On a breezy, overcast Saturday morning at Mount Union Cemetery, remembrances of a life lost 54 years ago in the Vietnam War were laid out on a folding table. Nearby, a banner with his image stood with facts related to his service and sacrifice. The pilot’s brother was in attendance.
A collection of photos from the Flag-Placement Event and Armed Forces-Peace Officers Ceremony on Saturday, May 14 at Mount Union Cemetery.
Air Force Lt. James L. Badley was killed in action on March 27, 1968, when his F-4C Phantom went down in North Vietnam. Co-pilot Capt. Richard L. Whittaker was also lost.
“I’ve been working with the Air Force ROTC to help this year and I came across Lt. Badley and I was intrigued by his story,” Niemann said. “Little did I realize that he was a very significant member of the Air Force ROTC community. So I thought let’s incorporate him.”
The May ceremony has evolved since its inception in 2015 when it primarily featured local Cub Scouts and Oregon State ROTC cadets. Last year, the event expanded to include National Armed Forces Day and Peace Officers Memorial Day in addition to placing flags on the graves of veterans ahead of Memorial Day.
“I had done research on some of our fallen law enforcement officers, particularly in Benton County — Officer (James) Dunn, Officer (Jimmy) Appelgate, who was a member of the mounted posse,” Niemann said. “When I involved the mounted posse, it just became a natural thing and last year, it (the ceremony) fell right on Armed Forces Day. All three of those are in May and we just pick a day and celebrate.”
Appelgate was shot and killed in Corvallis in 1955. The mounted posse participated in Saturday’s event and included a riderless horse with boots reversed in the stirrups, which is symbolic of Appelgate as a fallen officer. Dunn was a deputy killed in 1904 while making an arrest.
Several others participated in the event, including a cemetery history talk by Erin Haynes and comments by Niemann and Rep. David Gomberg and prayer by Allan Stensvad, retired pastor of First Baptist Church. A wreath was placed at the grave site of Reuben Shipley, the former slave who donated land that helped establish the cemetery in 1861.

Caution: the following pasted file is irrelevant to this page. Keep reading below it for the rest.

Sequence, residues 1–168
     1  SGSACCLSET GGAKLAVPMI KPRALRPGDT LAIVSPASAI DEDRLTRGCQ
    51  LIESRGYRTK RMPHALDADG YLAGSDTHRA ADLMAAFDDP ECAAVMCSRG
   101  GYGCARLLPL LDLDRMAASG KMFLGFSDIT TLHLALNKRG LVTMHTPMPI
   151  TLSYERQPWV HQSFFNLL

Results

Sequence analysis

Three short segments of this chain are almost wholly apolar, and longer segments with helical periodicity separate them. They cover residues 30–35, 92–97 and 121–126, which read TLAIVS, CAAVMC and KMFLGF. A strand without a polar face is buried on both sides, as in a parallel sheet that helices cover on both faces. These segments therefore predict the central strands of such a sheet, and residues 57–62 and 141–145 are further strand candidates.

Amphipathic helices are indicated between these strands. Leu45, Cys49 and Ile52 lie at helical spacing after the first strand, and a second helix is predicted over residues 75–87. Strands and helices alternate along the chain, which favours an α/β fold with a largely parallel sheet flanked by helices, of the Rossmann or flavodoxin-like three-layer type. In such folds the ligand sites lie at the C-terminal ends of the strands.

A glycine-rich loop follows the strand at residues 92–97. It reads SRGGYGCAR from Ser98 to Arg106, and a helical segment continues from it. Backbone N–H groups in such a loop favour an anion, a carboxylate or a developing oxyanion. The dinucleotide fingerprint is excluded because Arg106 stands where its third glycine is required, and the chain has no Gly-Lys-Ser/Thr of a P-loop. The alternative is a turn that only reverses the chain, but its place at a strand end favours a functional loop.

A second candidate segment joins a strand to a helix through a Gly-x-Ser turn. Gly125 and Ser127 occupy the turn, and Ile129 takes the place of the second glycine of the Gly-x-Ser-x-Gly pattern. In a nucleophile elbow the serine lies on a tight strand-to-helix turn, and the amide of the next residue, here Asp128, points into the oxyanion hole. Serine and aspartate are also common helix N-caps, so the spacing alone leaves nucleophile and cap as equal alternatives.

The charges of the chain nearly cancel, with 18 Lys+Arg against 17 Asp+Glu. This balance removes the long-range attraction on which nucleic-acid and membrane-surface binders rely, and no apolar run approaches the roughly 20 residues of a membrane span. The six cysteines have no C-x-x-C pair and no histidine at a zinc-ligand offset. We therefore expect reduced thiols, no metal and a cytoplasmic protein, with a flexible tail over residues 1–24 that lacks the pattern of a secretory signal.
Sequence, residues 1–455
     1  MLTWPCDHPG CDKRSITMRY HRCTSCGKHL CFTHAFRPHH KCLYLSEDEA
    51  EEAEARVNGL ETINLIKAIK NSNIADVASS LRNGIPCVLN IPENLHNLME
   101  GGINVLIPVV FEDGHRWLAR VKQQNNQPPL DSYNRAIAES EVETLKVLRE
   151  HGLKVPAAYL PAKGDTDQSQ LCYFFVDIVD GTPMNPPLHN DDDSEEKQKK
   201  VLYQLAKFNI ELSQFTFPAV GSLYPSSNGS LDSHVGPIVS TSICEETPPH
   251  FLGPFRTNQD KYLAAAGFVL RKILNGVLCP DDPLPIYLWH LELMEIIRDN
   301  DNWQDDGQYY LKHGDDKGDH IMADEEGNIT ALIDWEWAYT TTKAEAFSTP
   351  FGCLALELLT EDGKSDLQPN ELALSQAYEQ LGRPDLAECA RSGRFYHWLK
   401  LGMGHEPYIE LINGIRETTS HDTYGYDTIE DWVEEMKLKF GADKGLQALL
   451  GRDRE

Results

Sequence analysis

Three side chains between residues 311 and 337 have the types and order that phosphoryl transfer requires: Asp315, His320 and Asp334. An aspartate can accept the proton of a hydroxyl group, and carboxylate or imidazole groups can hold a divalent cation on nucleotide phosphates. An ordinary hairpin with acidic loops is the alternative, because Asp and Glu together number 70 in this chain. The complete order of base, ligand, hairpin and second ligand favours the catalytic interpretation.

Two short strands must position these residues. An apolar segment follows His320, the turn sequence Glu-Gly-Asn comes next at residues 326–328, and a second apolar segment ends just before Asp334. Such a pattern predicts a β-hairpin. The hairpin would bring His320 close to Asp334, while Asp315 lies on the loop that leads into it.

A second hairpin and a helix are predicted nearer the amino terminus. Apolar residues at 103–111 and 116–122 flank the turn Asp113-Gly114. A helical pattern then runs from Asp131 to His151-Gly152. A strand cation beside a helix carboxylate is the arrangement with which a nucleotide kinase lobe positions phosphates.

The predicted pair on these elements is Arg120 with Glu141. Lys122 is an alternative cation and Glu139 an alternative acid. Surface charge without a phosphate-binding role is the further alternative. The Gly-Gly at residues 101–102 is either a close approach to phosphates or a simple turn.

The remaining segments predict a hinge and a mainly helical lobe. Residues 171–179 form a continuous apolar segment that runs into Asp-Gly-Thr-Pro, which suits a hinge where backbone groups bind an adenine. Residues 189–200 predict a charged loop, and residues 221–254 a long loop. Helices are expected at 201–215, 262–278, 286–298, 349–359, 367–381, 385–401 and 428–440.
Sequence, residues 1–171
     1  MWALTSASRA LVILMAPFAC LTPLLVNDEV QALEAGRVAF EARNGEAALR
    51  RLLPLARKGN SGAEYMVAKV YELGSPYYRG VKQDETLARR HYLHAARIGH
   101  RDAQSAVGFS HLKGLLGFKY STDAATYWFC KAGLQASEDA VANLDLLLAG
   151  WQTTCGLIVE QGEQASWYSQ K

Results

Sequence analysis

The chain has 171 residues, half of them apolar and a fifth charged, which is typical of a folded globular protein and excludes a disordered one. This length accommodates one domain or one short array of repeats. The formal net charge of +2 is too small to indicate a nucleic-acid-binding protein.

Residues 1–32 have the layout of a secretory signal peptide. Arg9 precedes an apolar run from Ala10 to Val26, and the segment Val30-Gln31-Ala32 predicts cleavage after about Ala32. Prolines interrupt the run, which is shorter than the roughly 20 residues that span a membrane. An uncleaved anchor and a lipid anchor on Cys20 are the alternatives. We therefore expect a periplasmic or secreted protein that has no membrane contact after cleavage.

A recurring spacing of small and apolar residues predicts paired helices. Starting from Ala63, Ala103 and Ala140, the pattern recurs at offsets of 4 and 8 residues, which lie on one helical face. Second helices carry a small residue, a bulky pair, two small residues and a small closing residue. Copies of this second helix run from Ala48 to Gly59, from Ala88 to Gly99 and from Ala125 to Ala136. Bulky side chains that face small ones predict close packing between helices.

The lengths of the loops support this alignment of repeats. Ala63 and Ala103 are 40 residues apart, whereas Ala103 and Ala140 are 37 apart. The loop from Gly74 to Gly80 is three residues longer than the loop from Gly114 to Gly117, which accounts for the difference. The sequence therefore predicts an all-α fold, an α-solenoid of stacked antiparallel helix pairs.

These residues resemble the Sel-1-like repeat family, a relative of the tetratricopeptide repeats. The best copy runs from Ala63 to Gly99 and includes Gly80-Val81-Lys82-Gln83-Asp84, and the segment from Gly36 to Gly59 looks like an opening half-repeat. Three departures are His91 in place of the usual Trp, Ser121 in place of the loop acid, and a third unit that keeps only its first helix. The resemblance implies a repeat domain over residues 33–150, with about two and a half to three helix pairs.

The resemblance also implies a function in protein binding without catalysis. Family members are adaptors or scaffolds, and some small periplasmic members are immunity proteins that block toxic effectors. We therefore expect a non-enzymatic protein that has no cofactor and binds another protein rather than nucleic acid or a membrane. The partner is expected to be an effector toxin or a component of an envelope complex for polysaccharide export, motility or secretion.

“It’s grown and grown and I’m pleased that so many people came and the organizations that helped,” Niemann said.
Oregon State University’s Arnold Air Society years ago named its squadron in memory of Badley. He earned a degree from OSU in 1965 and after receiving his wings and training on the F-4, he reported to the 480th Tactical Fighter Squadron in September 1967.
Badley, 25, had earlier survived an incident when he was shot down on Nov. 20, 1967. On that occasion, Badley was able to parachute to safety and although he came down behind enemy lines, was able to evade hostile forces until he could be rescued.
Badley graduated from high school in 1960 in Mountain Home, Idaho, and his parents lived in Hood River when he was killed. In 1968, five decorations were posthumously presented to Badley’s family by Col. Wayne E. Rhynard, commander of the 26th Air Division at Adair. Those included the Silver Star, Distinguished Flying Cross, Airman’s Medal with nine oak leaf clusters, Air Force Commendation Medal and Purple Heart.
Badley’s story is told in Lynda Twyman Paffrath’s book, “Angels Unknown: A Story of Healing After Vietnam.”